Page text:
Two New Kensington community markets, less than a block from each other, at Voodoo Brewing and Knead Community Cafe, gave local vendors the chance to showcase their wares and attract new customers on Saturday.
Michelle Thom, owner of Voodoo Brewing, and Jamie Parker, owner of a bakery in New Kensington called Sweet Alchemy, have teamed up to lead the Voodoo Brewing event.
Dubbed Fairies, Flowers, and Fun: A Spring Festival, their event brought about 20 small business vendors — selling everything from homemade crafts to custom cups — to the lawn outside the brewery.
The idea was to host a family-friendly event to welcome in the spring, support small businesses and revamp downtown New Kensington, Thom said.
The duo has hosted four previous community fairs, Parker said, and plans to hold another free event on Fifth Avenue on Saturday, July 9, featuring local restaurants and alcohol vendors, as well as fire dancers and performers.
“If people come and have fun, that’s a win for us,” Parker said. “We want people to see positive things happening in this community.”
For Melissa Jackson, a local photographer who had pitched a tent for photos on Saturday, the most exciting part of the market was that it played a part in revamping her hometown of New Kensington.
“It’s exciting,” she said of what she sees as a recent revitalization of the area. “It’s inspiring, motivating. I want to be part of it.”
Jackson operates a photography business in downtown New Kensington that focuses on “women empowerment.” It offers photo sessions for young girls to dress up as princesses or fairies. Her goal, she said, is to help people reconnect with themselves — just as the goal of these community markets is to help people reconnect with their communities.
She said she was hopeful that the influx of small businesses in the area and the rise of community events and markets will draw people to New Kensington, and enable people who live there to become more involved in a community that has recently suffered a bad reputation. has had in the area of some people.
“You’d be amazed at what’s happening down here,” she said. “It’s the new New Kensington.”
Pamela Williams, a New Kensington firefighter who helped market, said she is once again proud to live in New Kensington.
“There’s a lot more going on in the community,” she said. “People get involved.”
When people gather at events like the Saturday market, small businesses get a boost, said Megan Igo, who manned a booth for Dear Neighbors Craft, a small business she founded in December that sells homemade woodworking.
“This brings out the community. It gets our name there,” she said. “We have been inundated with invitations [to community markets]† More things like this help the community get better.”
Myriah McKenzie, of Springdale, surveyed the booths with Chrissy Dibas, of Lower Burrell early Saturday afternoon. McKenzie said they wanted to visit some of the small, local businesses in the area and decided to stop by the market as well.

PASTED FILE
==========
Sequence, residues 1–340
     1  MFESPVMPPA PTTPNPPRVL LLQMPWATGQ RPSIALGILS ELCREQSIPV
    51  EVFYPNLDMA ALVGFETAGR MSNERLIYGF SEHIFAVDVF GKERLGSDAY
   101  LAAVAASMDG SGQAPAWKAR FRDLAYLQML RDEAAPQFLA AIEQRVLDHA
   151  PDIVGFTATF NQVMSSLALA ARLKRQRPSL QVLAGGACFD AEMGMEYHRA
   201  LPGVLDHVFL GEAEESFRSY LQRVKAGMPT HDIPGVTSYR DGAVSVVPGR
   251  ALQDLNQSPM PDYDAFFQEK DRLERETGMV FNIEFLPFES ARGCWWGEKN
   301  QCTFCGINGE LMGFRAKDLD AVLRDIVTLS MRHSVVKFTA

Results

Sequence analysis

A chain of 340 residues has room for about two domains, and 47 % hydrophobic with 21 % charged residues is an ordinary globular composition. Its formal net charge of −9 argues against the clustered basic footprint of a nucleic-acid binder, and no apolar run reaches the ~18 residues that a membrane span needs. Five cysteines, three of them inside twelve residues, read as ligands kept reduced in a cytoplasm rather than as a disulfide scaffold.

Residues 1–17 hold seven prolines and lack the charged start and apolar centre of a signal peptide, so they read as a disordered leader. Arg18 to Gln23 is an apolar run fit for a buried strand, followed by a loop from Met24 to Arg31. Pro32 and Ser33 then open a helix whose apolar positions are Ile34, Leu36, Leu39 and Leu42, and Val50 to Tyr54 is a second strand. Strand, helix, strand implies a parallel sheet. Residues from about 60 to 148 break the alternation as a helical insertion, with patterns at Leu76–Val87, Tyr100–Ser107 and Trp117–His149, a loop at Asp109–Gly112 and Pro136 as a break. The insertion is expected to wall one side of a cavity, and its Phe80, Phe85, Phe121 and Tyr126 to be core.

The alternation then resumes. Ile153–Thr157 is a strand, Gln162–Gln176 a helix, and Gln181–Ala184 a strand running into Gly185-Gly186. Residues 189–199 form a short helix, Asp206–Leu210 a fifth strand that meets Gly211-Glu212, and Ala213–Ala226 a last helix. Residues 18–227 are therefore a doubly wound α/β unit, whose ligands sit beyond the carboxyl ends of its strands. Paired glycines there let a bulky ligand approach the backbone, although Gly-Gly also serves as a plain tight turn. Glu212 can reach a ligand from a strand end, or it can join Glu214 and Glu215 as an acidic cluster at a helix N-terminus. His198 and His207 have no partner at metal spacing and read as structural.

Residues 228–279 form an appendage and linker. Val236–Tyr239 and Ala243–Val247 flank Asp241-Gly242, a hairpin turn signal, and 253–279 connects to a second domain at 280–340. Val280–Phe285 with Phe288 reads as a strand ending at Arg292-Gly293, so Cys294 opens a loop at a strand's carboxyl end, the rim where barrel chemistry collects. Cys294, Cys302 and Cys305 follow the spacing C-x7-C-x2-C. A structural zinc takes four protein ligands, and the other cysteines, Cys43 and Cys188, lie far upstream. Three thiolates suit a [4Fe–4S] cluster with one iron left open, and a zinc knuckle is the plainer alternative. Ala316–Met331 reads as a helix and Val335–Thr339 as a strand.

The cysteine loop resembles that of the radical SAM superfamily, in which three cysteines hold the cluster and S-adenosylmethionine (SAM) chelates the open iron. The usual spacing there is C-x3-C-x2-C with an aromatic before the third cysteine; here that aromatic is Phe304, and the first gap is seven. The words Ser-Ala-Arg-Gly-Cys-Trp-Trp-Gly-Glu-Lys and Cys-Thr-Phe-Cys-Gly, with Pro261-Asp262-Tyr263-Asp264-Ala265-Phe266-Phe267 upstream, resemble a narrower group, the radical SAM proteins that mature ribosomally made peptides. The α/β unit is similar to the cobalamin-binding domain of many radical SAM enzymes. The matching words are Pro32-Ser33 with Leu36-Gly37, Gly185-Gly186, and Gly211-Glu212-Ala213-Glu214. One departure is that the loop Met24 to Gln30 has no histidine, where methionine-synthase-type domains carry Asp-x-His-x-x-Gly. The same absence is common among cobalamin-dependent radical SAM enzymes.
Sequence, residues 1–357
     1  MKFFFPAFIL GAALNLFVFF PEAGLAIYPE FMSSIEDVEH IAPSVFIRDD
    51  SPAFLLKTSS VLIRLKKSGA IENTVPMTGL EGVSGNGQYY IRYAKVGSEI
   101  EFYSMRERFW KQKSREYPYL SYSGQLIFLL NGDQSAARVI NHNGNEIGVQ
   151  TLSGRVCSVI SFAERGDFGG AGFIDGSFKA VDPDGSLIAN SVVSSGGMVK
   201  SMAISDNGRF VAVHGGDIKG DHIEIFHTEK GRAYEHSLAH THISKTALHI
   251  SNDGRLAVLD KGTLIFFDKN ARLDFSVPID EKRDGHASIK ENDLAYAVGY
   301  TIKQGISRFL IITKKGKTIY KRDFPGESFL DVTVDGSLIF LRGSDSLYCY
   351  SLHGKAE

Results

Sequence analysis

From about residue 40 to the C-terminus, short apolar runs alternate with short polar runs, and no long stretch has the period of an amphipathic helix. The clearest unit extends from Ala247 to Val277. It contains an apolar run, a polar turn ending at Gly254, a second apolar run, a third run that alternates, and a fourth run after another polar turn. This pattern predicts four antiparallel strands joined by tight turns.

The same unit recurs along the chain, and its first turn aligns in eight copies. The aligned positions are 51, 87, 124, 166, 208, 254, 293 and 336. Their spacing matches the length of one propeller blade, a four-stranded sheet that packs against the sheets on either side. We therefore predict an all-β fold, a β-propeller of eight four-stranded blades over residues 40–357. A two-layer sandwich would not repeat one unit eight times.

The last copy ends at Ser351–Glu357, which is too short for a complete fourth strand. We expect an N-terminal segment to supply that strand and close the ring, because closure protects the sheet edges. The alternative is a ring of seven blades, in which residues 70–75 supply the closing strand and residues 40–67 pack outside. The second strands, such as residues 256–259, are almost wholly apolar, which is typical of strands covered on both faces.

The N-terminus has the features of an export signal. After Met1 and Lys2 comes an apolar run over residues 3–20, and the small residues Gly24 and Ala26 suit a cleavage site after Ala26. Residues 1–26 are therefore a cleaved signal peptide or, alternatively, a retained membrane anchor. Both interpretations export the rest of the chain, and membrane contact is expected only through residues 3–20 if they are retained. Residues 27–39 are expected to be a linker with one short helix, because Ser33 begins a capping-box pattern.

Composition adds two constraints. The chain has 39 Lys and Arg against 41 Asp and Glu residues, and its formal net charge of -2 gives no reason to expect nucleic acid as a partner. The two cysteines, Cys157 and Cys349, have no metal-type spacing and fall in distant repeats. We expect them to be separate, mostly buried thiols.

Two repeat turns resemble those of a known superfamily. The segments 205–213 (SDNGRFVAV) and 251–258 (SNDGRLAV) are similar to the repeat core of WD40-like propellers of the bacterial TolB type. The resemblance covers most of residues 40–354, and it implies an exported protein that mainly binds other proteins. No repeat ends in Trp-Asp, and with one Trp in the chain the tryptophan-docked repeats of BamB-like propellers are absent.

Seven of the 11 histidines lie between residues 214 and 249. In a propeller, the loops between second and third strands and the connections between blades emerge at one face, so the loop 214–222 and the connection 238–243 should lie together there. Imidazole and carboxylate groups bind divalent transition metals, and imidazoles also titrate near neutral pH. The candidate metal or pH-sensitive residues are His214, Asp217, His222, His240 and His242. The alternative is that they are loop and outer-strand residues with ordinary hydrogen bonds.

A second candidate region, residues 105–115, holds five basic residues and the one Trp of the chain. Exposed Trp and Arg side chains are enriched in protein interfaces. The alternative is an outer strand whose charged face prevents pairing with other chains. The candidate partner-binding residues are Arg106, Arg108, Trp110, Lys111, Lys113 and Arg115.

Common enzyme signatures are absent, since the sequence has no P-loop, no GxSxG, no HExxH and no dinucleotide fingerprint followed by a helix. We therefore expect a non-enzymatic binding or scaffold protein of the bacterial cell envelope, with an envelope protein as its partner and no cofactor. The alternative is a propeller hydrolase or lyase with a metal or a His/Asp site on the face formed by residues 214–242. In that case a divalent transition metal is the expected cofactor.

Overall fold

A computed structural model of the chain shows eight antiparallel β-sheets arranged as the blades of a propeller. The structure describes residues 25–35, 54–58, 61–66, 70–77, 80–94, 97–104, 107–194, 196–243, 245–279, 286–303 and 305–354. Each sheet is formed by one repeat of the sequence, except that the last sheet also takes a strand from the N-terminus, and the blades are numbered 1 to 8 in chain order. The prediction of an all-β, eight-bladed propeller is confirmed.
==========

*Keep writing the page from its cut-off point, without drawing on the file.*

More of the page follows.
“I like to support small businesses,” she says. “I like to support the local people instead of Amazon and big companies.”
“It just seems more fun when things are handmade,” Dibas added.
Meanwhile at Knead Cafe
At the nearby Knead Community Cafe was their Mother Nature’s Garden Market, which had local vendors in the market selling plant-based, natural products.
The pay-what-you-can cafe hosted a similar event under a different name last year and hopes to make it an annual tradition, said co-founder Mary Bode. This year’s event attracted about 15 local vendors and several hundred people, she said.
“This market is a way to attract new people to the New Kensington area,” said Bode, adding that she, too, feels the area is being reimagined.
When the cafe opened about six years ago, she said, it was the only business around. Opening the cafe there felt like “a risk and a gamble,” she said, but it was one that paid off. Bode said she is now excited to see more new businesses opening their doors.
“There’s so much going on in New Kensington you could almost plan a day trip,” she said.
Amber Wilson, of New Kensington, sold herbs and herbal teas from her new online company Her Herbs Heal, which she launched about a year ago. Saturday’s event marked its first community market.
“I’m so glad I did it,” she said. “Everyone has been super friendly. Everyone is super supportive.”
Wilson said she saw about 35 customers early in the Saturday afternoon and made more than enough to recoup the $35 fee to set up a table. For Wilson, it was an encouraging sign to see people supporting small businesses like hers — especially after so many struggled through the pandemic and its restrictions.
“This is the year of the small business,” Wilson said. “This is a good opportunity to see small businesses bounce back.”
Other vendors in the garden market sold everything from plants to pastries.
Delilah Miller of Bellevue sold jelly and jam. Formerly Amish, she uses Amish techniques for making jelly and jam, collecting ingredients from local farms, farmers’ markets and pick-your-own places.
While Miller said she sometimes participates in larger events in the city, she said she prefers the small community markets with a stronger community atmosphere.
“It’s about connecting,” she said. “It’s about the community.”